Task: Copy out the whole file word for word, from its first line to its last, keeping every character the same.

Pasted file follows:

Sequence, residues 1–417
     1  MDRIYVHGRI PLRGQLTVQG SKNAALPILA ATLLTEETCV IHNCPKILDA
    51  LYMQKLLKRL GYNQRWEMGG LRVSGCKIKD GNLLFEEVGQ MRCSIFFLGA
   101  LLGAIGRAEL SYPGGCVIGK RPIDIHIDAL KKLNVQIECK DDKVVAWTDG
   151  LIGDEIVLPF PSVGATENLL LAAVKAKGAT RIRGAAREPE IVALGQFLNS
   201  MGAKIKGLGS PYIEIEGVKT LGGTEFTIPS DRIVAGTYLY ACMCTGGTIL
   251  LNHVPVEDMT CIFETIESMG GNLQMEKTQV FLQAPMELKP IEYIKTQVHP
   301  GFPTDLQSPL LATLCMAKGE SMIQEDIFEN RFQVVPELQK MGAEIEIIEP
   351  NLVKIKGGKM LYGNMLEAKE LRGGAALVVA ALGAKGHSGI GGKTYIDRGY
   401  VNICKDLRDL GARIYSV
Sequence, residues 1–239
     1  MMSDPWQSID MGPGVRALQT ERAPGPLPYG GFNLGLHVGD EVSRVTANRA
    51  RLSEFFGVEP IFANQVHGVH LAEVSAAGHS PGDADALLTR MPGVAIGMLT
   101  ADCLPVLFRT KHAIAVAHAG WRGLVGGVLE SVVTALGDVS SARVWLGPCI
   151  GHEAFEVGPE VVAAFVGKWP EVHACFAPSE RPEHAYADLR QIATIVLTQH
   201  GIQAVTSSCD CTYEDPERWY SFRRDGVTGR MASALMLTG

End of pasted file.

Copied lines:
Sequence, residues 1–417
     1  MDRIYVHGRI PLRGQLTVQG SKNAALPILA ATLLTEETCV IHNCPKILDA
    51  LYMQKLLKRL GYNQRWEMGG LRVSGCKIKD GNLLFEEVGQ MRCSIFFLGA
   101  LLGAIGRAEL SYPGGCVIGK RPIDIHIDAL KKLNVQIECK DDKVVAWTDG
   151  LIGDEIVLPF PSVGATENLL LAAVKAKGAT RIRGAAREPE IVALGQFLNS
   201  MGAKIKGLGS PYIEIEGVKT LGGTEFTIPS DRIVAGTYLY ACMCTGGTIL
   251  LNHVPVEDMT CIFETIESMG GNLQMEKTQV FLQAPMELKP IEYIKTQVHP
   301  GFPTDLQSPL LATLCMAKGE SMIQEDIFEN RFQVVPELQK MGAEIEIIEP
   351  NLVKIKGGKM LYGNMLEAKE LRGGAALVVA ALGAKGHSGI GGKTYIDRGY
   401  VNICKDLRDL GARIYSV
Sequence, residues 1–239
     1  MMSDPWQSID MGPGVRALQT ERAPGPLPYG GFNLGLHVGD EVSRVTANRA
    51  RLSEFFGVEP IFANQVHGVH LAEVSAAGHS PGDADALLTR MPGVAIGMLT
   101  ADCLPVLFRT KHAIAVAHAG WRGLVGGVLE SVVTALGDVS SARVWLGPCI
   151  GHEAFEVGPE VVAAFVGKWP EVHACFAPSE RPEHAYADLR QIATIVLTQH
   201  GIQAVTSSCD CTYEDPERWY SFRRDGVTGR MASALMLTG